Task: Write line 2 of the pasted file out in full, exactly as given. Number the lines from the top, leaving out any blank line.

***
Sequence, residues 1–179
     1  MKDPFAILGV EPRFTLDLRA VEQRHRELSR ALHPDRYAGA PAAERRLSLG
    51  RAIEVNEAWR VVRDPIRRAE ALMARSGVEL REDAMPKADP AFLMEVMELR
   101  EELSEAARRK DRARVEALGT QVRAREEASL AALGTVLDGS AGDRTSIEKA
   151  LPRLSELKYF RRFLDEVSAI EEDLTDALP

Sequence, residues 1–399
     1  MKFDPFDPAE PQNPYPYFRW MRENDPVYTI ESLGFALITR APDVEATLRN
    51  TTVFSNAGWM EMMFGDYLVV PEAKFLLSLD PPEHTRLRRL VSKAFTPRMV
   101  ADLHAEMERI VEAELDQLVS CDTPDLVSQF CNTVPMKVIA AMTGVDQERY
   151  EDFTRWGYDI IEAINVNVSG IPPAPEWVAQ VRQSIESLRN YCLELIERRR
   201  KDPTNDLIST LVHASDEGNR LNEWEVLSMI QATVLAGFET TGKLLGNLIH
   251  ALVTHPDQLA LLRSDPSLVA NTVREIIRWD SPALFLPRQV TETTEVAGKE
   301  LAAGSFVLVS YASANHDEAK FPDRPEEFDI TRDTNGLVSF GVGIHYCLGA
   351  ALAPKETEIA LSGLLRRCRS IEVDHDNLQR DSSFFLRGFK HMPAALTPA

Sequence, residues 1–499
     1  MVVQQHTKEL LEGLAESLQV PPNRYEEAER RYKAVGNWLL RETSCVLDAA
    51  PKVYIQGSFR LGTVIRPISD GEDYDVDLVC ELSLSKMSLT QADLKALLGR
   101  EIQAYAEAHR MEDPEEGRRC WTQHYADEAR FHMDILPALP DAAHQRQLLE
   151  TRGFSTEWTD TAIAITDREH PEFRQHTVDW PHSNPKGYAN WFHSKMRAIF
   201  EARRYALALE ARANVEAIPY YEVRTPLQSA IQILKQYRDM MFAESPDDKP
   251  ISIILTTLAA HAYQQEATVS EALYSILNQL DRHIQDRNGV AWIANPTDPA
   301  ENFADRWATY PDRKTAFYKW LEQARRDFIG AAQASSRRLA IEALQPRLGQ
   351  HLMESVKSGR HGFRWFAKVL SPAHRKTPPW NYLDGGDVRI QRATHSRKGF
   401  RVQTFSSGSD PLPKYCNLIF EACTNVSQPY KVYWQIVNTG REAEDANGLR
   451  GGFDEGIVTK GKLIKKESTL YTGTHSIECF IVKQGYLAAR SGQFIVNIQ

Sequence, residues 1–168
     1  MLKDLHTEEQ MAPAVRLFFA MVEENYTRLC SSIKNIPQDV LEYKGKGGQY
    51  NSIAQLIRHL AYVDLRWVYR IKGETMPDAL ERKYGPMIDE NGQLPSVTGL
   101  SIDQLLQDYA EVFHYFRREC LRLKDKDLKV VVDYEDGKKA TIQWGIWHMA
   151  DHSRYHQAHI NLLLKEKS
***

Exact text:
     1  MKDPFAILGV EPRFTLDLRA VEQRHRELSR ALHPDRYAGA PAAERRLSLG